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The Daily Dish Food and Drinks

When's the Last Time You Ate a Whole Pig? Here Are 6 Whole Animal Feasts That Won’t Leave You Hungry

Restaurants where you can go whole hog…and lamb…and goat.

By Lizbeth Scordo

Back in the day, whole animal feasts for the average diner meant hitting a Hawaiian luau for a roast pig. But recently, the concept has crept onto menus around the country as chefs are increasingly focused on using every part of the animal, as well as offering fun (and hopefully delicious) family-style meals diners can’t get at home. Here are six restaurants serving up massive meals of everything from whole lamb to goat to even alligator. Keep in mind that most must be booked in advance.

1. Duck at Decoy, NYC

This small subterranean Manhattan eatery (situated below sister restaurant RedFarm) has become synonymous with the fabled Peking duck that Hong Kong-born head chef Joe Ng has perfected with his partner, Chinese food guru and restaurateur Ed Schoenfeld. The restaurant gets 30 to 40 fresh-killed birds delivered a day from Jurgielewicz Duck Farms in Pennsylvania, cooking each to order in a specially-made oven, hanging them briefly to get them as juicy as possible, and crisping the skin with a blow torch. The decadent deboned ducks are served with housemade paper-thin pancakes, three sauces (hoisin, sesame, and cranberry), and a super concentrated shot of duck consommé. Most diners go for the prix fixe Peking duck dinner that starts at $68.50 a person and includes a variety of modern Chinese appetizers and sides (think octopus salad topped with uni or killer veggie fried rice) and even some main dishes, depending on the size of the group. For those who find themselves without a reservation, snag a seat at the bar where you’ll have a shot at getting an a la carte duck for $78 on nights when the kitchen has a few extras.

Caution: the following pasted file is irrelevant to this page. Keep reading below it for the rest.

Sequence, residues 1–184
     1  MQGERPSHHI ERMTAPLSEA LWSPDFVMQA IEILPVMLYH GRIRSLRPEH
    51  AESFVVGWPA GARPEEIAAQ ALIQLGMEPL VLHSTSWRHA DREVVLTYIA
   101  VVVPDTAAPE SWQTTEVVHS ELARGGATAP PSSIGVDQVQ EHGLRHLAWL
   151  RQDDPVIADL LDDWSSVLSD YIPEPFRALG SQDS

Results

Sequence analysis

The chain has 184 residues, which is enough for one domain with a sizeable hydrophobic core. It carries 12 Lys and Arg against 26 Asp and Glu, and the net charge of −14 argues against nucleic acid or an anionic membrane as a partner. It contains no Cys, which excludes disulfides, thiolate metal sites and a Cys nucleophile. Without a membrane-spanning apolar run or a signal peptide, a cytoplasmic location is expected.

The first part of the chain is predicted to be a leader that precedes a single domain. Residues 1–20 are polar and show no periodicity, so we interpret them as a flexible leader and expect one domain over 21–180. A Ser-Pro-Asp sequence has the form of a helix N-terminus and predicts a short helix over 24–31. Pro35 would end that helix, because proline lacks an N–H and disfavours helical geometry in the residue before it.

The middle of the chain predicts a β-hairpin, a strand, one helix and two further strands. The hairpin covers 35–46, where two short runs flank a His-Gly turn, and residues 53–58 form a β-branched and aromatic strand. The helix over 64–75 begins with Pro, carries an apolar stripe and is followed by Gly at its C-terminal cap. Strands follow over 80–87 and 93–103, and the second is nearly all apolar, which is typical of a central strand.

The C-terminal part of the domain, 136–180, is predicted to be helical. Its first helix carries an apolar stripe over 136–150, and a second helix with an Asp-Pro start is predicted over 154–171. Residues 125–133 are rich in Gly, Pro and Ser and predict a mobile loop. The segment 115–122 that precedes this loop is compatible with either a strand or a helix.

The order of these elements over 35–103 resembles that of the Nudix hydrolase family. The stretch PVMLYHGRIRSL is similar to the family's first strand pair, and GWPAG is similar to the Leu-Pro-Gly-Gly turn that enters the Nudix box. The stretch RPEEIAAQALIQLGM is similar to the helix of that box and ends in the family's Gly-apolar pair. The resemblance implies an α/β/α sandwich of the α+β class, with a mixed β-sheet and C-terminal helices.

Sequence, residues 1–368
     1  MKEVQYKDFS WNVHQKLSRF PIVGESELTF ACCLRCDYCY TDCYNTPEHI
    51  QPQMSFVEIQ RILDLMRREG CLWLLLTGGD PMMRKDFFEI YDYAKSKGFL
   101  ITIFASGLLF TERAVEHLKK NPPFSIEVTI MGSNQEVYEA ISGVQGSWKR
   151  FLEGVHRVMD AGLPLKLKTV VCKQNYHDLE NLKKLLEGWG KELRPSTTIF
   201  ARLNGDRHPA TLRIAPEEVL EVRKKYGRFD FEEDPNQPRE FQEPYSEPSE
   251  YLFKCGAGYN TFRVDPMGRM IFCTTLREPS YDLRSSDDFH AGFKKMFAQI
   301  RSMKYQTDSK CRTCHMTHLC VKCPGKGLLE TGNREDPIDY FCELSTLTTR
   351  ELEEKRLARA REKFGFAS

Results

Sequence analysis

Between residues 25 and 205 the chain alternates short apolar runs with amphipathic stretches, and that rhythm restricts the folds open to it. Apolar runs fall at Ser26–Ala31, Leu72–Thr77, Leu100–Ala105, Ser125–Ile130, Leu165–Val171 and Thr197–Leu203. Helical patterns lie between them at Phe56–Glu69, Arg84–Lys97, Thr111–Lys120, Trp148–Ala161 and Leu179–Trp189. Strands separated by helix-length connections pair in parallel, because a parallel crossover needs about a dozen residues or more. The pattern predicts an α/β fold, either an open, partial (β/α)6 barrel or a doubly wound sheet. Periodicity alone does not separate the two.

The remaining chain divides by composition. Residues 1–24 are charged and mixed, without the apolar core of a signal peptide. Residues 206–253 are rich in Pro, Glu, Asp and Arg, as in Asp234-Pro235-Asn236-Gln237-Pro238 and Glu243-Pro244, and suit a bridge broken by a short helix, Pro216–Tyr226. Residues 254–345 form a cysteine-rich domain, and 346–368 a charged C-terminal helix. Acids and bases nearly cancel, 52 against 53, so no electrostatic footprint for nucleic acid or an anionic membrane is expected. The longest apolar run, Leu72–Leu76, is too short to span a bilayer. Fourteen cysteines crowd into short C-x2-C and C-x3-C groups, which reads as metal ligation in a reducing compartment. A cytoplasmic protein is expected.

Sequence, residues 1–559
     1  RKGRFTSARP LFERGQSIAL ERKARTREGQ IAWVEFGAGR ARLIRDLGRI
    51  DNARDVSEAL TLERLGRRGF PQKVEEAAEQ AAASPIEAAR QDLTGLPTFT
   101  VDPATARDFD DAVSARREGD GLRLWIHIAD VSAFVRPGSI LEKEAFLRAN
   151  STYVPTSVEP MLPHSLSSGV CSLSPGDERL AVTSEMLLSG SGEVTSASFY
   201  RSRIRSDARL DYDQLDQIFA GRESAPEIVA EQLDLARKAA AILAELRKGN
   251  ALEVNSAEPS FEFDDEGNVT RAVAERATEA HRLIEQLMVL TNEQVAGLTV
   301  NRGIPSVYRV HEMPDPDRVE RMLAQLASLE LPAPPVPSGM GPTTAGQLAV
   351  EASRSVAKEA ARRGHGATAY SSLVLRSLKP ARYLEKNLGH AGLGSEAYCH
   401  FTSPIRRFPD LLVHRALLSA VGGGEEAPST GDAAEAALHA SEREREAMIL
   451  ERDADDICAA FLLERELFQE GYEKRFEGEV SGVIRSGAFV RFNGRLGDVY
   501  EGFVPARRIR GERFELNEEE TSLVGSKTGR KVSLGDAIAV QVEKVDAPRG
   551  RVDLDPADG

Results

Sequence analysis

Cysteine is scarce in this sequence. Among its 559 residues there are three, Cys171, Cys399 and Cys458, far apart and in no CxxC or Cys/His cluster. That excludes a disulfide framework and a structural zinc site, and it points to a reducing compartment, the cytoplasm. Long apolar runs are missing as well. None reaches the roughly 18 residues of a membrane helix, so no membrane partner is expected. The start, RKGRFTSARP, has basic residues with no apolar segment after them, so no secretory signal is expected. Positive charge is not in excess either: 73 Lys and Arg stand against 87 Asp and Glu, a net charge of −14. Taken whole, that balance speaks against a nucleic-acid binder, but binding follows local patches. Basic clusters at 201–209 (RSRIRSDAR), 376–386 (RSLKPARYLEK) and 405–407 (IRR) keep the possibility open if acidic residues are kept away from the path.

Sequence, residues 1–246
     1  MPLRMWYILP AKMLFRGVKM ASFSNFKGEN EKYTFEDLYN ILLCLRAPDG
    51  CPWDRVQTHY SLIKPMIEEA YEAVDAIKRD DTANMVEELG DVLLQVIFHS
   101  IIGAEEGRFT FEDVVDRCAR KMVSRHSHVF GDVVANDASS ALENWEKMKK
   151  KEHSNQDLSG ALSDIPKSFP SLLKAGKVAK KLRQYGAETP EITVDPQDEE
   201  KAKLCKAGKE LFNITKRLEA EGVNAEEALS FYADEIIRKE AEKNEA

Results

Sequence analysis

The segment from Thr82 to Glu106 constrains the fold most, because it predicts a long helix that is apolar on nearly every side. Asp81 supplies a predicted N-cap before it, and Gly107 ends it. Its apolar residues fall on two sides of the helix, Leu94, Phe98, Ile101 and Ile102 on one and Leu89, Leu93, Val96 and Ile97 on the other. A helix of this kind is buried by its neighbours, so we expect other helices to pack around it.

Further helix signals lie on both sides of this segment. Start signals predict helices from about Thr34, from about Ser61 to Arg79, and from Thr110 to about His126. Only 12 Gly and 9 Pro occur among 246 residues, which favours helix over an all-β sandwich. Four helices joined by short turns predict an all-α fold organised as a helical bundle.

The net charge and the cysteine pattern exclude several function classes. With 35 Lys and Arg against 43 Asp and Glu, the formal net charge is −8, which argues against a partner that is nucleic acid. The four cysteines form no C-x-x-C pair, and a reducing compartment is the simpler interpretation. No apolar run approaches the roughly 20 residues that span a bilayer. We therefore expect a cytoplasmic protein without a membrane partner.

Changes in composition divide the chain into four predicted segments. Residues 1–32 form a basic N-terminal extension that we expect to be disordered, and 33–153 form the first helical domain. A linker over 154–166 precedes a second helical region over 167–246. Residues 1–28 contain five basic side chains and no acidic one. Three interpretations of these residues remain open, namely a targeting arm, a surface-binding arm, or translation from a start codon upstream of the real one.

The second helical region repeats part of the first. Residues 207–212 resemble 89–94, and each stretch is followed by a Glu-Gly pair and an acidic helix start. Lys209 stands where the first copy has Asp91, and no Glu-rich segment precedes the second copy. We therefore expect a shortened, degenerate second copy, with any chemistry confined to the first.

2. Alligator at The Frontier, Chicago

The focus is on culinary adventures at The Frontier, so you'll find a variety of whole animals and their parts like antelope leg, whole wild boar, farm-raised pig, and a 25-person shrimp boil. But no dinner is quite as noteworthy as The Frontier’s whole alligator feast. Yes, having an entire alligator arrive at your table is probably a once-in-a-lifetime experience ("Ugh, whole alligator again?" said no one ever), but the place even ups the ante, stuffing the gator with whole chickens, then smoking and roasting it over cherrywood and applewood. Executive chef Brian Jupiter—who grew up eating alligator in New Orleans—serves the predator with a gaggle of Southern-style sides like andouille jambalaya, Caesar salad with polenta croutons, five-cheese mac-and-cheese, and jalapeno and cheddar cornbread. The whole shebang serves anywhere from 12 to 15 people and costs $950.

3. Pig at DBGB Kitchen and Bar, Washington, DC